This overemphasis on human economic equality, in the form of “sustainable” economic growth, is like arguing on board the Titanic that all passengers should get an equal refund for an incomplete voyage. There are simply too many people, consuming too many resources on this planet already. Insisting that all seven billion of us, and counting, should have equal access to all resources and equal opportunity for economic growth is an insane philosophy that could only have come from economists who have lost their grip on reality.

The Solution 

We cannot buy our way out of this mess by shuffling the deck chairs of wealth from First Class to Steerage. We must reduce the passenger load, repair the ship and steer a new course into a rational future based on biological and geophysical realities of life on this the only planet we have, to sustain the only source of Life we know.

It’s time to think or thwim.

Saturday, June 09, 2012

Back to Environmental Basics

Ecology and environmentalism can be confusing due to the complexity of natural systems and the myriad ways in which human activities affect complex natural cycles. Sometimes things that seem to be true intuitively turn out to be not so black and white as they seem.

Does human-produced carbon dioxide cause climate change?

Do carbon offsets and carbon trading schemes reduce human CO2 production?

Will reducing human CO2 production “stop” climate change, or reverse “global warming”?

Are solar panels and wind generators carbon neutral and pollution-free?

Can we shift from fossil fuels to renewable energy sources to keep our civilization going as it is?

Can we produce enough potable water through sea water desalination to allow our populations to grow beyond local supplies?

The answers to these questions are not immediately clear and unambiguous. How can we find definitive answers to these and many more questions? How do we evaluate new technologies and new energy sources for their environmental effects now and on into the future?

Forty years ago, physicist and ecologist Barry Commoner suggested The Four Laws of Ecology as a means to evaluating human activities in ecological terms:

1) Everything is connected to everything else – From galaxies to quarks, we have long learned that everything in the Universe exists in complex interrelationships with everything else.

“One could not pluck a flower without troubling a star.” Loren Eiseley

“The most important characteristic of the Eastern world view - one could almost say the essence of it - is the awareness of the unity and mutual interrelation of all things and events, the experience of all phenomena in the world as manifestations of a basic oneness. All things are seen as interdependent and inseparable parts of this cosmic whole; as different manifestations of the same ultimate reality.” (Fritjof Capra, The Tao of Physics, 1975)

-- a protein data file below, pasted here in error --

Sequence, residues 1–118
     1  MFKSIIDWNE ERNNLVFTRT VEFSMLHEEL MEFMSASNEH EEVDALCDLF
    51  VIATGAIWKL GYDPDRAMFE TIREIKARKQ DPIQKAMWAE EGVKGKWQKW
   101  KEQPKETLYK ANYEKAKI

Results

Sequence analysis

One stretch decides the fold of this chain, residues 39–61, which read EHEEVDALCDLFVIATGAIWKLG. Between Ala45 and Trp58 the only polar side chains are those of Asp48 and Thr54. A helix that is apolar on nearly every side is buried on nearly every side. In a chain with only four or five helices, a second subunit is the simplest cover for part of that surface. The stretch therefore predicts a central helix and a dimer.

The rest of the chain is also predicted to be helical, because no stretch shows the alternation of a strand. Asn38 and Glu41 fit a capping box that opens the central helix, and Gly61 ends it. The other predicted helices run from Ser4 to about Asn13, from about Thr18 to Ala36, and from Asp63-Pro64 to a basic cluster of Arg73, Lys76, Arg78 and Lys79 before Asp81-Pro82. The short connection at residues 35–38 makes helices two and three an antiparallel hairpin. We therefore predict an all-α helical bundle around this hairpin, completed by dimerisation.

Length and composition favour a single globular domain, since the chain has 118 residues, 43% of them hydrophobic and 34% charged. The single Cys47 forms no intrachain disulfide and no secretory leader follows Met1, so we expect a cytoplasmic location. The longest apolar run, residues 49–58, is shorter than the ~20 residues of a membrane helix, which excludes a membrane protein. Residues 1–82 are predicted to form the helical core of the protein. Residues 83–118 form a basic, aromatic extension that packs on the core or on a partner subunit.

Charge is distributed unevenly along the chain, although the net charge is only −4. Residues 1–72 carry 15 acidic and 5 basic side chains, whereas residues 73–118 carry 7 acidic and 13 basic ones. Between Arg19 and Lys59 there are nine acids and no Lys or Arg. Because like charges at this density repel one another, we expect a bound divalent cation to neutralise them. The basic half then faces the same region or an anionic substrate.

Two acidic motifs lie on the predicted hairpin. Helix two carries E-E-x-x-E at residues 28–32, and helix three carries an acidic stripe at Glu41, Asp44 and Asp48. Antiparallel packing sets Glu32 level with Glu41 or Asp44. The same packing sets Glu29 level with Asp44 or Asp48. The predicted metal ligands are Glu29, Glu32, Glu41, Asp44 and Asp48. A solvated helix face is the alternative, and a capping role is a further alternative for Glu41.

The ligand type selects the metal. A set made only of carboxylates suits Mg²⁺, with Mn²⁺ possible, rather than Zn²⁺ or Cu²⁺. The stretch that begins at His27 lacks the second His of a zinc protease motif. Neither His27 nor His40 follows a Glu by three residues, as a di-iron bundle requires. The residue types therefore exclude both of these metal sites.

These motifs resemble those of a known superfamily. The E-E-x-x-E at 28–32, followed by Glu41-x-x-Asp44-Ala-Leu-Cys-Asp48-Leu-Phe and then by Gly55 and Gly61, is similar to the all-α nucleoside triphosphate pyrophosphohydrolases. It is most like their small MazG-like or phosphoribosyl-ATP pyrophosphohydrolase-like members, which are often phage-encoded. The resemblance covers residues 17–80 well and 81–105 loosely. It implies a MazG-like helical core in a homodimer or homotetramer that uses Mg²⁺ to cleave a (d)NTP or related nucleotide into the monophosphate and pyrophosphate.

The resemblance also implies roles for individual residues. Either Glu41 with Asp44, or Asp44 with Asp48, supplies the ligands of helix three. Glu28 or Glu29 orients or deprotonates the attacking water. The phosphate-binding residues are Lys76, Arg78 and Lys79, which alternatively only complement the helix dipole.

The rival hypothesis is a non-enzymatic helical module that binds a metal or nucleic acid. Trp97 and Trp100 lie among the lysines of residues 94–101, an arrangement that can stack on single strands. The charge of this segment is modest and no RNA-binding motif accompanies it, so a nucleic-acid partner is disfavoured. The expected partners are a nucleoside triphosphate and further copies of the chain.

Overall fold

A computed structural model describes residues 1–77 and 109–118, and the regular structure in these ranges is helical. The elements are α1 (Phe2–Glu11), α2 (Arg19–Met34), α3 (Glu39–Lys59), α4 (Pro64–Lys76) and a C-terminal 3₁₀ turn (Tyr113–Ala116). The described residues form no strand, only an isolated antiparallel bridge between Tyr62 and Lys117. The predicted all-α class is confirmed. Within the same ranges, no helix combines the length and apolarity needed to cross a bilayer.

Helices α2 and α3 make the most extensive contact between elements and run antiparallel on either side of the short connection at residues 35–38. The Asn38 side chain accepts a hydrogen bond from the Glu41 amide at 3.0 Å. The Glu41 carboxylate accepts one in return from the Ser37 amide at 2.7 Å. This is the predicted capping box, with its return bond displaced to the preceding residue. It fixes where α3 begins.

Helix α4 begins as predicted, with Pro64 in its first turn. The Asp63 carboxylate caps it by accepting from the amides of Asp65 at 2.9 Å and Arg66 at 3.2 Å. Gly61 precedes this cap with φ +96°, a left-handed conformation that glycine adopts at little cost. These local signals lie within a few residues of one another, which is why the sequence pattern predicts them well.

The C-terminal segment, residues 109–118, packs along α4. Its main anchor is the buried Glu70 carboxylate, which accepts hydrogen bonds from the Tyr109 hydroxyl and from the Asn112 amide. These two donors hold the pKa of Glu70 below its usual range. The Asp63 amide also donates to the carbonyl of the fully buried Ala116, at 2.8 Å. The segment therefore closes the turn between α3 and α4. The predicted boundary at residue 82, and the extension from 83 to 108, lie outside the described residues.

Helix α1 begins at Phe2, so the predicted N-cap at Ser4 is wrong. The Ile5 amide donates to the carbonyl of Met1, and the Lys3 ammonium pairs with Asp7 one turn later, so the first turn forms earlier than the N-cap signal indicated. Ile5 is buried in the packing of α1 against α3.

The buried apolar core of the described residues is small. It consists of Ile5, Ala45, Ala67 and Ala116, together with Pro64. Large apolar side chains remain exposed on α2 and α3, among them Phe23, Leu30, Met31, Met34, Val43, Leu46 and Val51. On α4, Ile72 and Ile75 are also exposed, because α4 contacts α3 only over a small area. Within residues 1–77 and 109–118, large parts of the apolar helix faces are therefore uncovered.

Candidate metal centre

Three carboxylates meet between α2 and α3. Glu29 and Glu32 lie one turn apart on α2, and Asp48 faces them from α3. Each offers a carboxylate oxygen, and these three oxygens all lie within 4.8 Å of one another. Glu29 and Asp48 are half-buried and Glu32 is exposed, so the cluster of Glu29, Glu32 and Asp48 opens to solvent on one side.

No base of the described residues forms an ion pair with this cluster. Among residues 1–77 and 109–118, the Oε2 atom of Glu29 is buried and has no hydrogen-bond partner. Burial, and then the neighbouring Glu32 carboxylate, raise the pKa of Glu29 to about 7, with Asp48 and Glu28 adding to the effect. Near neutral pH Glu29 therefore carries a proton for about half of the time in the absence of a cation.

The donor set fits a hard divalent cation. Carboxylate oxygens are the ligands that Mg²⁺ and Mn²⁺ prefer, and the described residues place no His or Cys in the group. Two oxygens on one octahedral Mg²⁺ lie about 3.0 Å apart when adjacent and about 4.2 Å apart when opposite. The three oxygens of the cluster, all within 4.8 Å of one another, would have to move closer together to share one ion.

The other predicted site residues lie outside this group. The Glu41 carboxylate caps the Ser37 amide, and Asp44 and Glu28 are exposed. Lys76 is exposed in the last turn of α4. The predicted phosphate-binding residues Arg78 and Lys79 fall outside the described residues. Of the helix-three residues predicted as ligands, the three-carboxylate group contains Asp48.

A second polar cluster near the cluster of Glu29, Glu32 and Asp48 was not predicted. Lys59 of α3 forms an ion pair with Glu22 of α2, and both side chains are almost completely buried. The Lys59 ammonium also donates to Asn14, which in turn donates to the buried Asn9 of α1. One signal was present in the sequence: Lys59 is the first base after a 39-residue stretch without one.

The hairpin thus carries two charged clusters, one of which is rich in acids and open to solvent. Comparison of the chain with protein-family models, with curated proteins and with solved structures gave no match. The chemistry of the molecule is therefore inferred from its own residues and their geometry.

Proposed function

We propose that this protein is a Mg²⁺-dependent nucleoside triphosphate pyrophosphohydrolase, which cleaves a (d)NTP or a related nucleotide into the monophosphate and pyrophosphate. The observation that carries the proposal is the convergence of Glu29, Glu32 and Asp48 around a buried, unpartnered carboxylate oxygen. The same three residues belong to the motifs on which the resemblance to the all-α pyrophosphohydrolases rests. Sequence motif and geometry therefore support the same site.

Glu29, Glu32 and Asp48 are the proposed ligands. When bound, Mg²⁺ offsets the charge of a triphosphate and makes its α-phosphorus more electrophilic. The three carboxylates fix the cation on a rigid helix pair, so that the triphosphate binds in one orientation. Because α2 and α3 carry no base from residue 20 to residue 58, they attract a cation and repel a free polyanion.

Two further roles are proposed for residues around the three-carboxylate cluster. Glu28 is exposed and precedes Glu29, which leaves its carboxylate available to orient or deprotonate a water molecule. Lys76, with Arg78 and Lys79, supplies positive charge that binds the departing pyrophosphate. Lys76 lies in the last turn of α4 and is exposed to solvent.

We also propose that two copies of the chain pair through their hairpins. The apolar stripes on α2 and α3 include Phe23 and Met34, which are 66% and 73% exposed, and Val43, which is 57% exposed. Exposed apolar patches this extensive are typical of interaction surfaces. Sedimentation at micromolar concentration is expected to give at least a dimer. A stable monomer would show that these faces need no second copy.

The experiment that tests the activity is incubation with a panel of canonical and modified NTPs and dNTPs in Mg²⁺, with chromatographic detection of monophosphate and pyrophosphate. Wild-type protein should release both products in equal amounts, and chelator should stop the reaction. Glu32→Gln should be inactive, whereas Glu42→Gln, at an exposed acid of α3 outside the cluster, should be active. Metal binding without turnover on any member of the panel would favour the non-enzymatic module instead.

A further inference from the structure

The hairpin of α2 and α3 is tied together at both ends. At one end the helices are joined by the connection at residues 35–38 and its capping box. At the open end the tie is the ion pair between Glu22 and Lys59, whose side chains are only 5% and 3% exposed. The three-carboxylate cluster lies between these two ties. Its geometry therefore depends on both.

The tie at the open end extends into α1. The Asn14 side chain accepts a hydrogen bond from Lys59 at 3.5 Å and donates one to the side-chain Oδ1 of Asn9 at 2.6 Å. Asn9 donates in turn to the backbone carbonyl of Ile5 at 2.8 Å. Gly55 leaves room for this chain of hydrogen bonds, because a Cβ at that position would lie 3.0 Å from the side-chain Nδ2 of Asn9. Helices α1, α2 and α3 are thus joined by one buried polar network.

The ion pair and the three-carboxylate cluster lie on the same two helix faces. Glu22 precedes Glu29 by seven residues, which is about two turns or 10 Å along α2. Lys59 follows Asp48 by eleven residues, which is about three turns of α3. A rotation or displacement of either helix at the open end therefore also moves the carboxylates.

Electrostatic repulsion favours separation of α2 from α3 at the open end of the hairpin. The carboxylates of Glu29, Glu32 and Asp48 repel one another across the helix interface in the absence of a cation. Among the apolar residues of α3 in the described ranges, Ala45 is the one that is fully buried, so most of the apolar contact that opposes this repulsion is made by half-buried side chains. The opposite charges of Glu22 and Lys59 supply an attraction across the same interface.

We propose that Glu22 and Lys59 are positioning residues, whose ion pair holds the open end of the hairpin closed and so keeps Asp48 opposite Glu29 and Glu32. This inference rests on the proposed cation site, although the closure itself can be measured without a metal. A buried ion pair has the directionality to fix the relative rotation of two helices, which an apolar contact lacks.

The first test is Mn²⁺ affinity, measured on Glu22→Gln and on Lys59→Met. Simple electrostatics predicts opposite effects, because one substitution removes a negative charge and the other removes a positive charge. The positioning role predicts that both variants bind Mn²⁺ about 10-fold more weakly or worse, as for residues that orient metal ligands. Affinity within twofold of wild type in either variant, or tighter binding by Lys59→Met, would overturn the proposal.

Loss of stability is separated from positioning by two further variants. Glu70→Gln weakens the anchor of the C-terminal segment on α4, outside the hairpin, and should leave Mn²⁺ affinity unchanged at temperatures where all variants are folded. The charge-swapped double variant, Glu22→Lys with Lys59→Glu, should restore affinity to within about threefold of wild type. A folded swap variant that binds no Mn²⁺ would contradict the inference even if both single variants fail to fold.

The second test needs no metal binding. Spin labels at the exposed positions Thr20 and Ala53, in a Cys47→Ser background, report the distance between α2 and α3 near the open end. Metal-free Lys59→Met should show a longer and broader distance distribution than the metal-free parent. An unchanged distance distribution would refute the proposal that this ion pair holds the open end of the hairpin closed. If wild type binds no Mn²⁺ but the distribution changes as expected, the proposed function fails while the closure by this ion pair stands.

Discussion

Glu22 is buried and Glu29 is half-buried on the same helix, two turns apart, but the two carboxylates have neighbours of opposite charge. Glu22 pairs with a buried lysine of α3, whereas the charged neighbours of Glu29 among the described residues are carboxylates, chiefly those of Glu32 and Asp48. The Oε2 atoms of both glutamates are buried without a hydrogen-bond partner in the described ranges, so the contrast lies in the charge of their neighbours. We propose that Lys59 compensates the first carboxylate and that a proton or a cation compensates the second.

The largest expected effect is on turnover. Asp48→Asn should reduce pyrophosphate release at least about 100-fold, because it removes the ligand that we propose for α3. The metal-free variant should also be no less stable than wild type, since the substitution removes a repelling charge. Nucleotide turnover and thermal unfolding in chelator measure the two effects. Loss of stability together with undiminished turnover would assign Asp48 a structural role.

2) Everything must go somewhere - We cannot throw anything away; there is no “away”

3) Nature knows best - The way things work in Nature are derived from millions years of testing through natural selection and evolution. Humans are newcomers on the scene. We cannot assume that we can do things better just because we walk upright and have large brains.

4) There is no such thing as a free lunch - If something seems to good to be true, it probably is. Everything comes from something else. The true cost of something may be far more in the long run than it’s immediate price.

And, in addition to Commoner’s Four Laws, my Father often told me:

5) You can never do just one thing — every proposed action should be followed by the question: “And then what?” Often the consequences of action are greater and more far reaching than the original “problem.”

When facing the global challenges of climate change, Peak Oil, and water production, it is best to initially approach the problems with humility, holding our ignorance in our hat, prepared to learn and become enlightened.

I suspect that many perceived environmental problems can improve with studied neglect. Often we hasty humans propose and implement “solutions” for problems that don’t really exist, or that will correct themselves given time and lack of interference, especially when economic gain is involved. Frequently, just leaving things alone is the best response to what appears to be a problem, but is in reality just a naturally system working itself out over time. The “Precautionary Principle” and the “1% Doctrine” are often employed as excuses to justify what we want to do anyway.

A proposed solution to a perceived problem, if indeed a “solution” is required, should be tested against the above five Laws of Ecology:

1) What else will be affected by this change?
2) What are the waste products, how fast will they accumulate and where will they go?
3) How does Nature handles this “problem”?
4) What is the total energy cost of this solution?
5) After the solution is applied, what happens next?

Sometimes the results of such an analysis will reveal that a simple solution is more elegant and effective in the long run, or that no “active” solution is required at all.

“Waiting is.” Valentine Michael Smith

Do you have the patience to wait
till your mud settles and the water is clear?
Can you remain unmoving
till the right action arises by itself? Lao tzu